Flash forward to now: I’ve only been able to work part-time over the past couple of years, and that work has been through self-employment, because Puck’s needs are too great. When a school is phoning you every day to take a child home because he is unmanageable or unteachable, you are not going to be able to sustain an executive-level office-based job for very long. Self-employment gave me the flexibility I needed to be there for him, to take him to appointments, to take him to the ER when he was in crisis. But the toll this takes cannot be ignored: my career has suffered, and to be quite honest, I’m not sure where my “career”, as such, actually is now. I lay awake at night worrying about it, because in my late 40s, how do I start over? Our finances have been cut almost in half (and again, I realize we are very fortunate to even have a two-income household).

There is seldom acknowledgment that sending a child home from school repeatedly places a large economic burden on the family…on the mother, usually. In his last year at that school, Puck was only in school 20 days between January and June. He was sent home repeatedly when his anxiety was high and he was ‘unteachable’. Missing so much time meant, of course, that he fell behind and his anxiety became even worse. Eventually, it just didn’t even seem to make sense to send him. By April, he was pretty much home with me full-time.

Contrast that with this year, when he was seldom sent home and his emotional issues were dealt with on-site: his academic progress has been astounding, and he’s now performing above grade level in some subjects. When the emotional health is supported, children thrive.

If only we did the same for all kids. And their parents.

  • We need an approach that addresses stigma.

In his old school, so much of Puck’s interactions with his teachers were based on fear. The teachers didn’t have the tools or training they needed to understand how to help Puck. They didn’t have support. As a result, they treated Puck as a problem. Other students saw this, and also treated him as an outcast. Puck, of course, also picked up on the stigma, and internalized it. It was common for him to say that he was stupid, or bad, or would never be good at school. He might not have heard those words from his teachers, but he felt them in his heart.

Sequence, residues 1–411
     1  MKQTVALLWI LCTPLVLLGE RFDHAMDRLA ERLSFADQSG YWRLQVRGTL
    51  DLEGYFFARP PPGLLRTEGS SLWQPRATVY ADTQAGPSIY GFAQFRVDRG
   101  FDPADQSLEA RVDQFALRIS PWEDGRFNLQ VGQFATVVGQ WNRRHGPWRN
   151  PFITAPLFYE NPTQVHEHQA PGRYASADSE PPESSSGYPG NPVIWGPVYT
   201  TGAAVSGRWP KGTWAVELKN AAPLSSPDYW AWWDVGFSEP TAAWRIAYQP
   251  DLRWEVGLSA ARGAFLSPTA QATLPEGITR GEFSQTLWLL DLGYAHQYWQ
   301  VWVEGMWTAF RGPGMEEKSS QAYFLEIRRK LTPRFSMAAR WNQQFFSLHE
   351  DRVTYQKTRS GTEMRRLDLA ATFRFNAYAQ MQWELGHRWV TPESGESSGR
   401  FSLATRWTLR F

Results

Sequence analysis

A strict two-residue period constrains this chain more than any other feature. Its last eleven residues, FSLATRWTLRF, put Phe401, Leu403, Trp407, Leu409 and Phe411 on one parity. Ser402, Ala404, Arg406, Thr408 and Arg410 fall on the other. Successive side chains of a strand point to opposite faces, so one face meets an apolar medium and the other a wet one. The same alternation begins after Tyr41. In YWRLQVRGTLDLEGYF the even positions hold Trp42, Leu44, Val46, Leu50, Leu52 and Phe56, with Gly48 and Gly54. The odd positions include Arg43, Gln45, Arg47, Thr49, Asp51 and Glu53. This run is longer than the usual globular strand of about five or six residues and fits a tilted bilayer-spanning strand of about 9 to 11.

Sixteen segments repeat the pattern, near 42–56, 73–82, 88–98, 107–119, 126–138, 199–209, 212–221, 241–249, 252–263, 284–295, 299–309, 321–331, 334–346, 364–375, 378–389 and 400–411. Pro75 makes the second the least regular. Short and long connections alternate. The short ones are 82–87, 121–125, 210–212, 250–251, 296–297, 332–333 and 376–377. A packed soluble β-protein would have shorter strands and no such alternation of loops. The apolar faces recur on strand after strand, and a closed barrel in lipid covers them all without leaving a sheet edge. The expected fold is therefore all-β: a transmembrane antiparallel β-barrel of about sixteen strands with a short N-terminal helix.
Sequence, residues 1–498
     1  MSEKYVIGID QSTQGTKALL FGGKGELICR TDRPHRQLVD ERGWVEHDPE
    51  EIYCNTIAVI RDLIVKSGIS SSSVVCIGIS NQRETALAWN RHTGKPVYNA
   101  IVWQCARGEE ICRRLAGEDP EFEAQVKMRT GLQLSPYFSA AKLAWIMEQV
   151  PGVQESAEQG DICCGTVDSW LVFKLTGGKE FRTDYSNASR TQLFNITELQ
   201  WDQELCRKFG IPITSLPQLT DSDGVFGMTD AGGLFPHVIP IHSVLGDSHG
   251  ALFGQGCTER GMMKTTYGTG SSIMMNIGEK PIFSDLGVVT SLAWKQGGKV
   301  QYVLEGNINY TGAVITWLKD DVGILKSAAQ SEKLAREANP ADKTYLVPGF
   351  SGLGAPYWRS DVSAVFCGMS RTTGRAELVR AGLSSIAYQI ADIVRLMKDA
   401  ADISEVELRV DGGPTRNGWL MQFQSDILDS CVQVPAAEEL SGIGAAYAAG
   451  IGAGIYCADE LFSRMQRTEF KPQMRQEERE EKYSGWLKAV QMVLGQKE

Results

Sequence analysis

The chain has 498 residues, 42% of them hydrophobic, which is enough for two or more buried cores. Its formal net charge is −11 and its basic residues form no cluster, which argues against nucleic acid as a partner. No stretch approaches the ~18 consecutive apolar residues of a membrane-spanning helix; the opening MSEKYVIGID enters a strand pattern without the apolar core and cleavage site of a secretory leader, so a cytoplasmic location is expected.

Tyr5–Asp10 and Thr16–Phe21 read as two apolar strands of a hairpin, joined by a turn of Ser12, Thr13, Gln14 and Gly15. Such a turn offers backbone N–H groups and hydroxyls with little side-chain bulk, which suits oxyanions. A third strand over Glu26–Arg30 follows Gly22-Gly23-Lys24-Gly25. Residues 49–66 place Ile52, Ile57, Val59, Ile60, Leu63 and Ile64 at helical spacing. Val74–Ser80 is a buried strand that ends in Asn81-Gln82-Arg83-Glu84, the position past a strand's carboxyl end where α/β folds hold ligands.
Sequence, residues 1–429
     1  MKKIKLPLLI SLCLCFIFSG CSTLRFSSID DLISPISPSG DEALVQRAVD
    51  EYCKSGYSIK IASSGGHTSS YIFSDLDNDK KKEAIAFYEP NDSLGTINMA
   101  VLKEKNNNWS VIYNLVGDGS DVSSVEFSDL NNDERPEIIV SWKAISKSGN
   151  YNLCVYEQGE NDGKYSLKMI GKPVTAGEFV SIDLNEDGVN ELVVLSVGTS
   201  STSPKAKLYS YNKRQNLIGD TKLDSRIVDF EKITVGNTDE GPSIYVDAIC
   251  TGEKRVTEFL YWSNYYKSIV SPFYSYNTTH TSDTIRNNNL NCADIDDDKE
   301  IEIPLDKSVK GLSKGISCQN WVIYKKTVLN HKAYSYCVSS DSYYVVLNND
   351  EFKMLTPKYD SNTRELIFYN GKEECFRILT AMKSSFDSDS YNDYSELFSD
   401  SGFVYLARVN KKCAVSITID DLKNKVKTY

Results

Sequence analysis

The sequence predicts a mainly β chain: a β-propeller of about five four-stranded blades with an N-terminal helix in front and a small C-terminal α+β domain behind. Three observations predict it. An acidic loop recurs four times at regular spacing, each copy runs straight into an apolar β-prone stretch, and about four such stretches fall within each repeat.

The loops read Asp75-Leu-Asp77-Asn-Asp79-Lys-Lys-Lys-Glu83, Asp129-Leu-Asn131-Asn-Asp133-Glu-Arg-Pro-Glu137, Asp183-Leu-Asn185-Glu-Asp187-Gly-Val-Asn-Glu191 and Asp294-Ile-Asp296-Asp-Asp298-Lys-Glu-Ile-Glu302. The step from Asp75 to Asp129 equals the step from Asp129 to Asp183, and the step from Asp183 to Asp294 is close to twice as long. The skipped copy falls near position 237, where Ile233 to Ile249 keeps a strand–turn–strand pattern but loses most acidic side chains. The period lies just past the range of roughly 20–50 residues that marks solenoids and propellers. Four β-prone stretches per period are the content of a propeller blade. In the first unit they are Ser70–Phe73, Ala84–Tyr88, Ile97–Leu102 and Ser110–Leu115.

(Now, by the way, he tells me he’s good at math, likes art, and is an excellent writer. Stigma-free teaching for the win!)

I’m hopeful that the new Education Act will give teachers more support to help kids with special needs and learning challenges…to actually keep them in school, and not to send them home as a default.

Parents and teachers need support in order to help our kids thrive. Sending them home does no favours to anyone. It may remove an immediate stressor, but it doesn’t improve outcomes. And it certainly doesn’t create inclusion.

 

Confessions of a Report Card Junkie

I’ve never liked New Year’s Eve. It feels fake and forced. For me — a true nerd — beginnings and endings were always defined by the school year. September was for new intentions and possibilities. June was the end of a chapter, a frenzied season of field trips and prom and report cards and ‘grading day’, followed by a drowsy mental hibernation on the beaches of the Northumberland Strait. 

I was a report card junkie. My friends were pretty, or popular, or athletic, or talented. I wasn’t those things. But I was smart, and grades became my validation and my drug. School was what I was good at, and report cards were my proof that I had value in the world.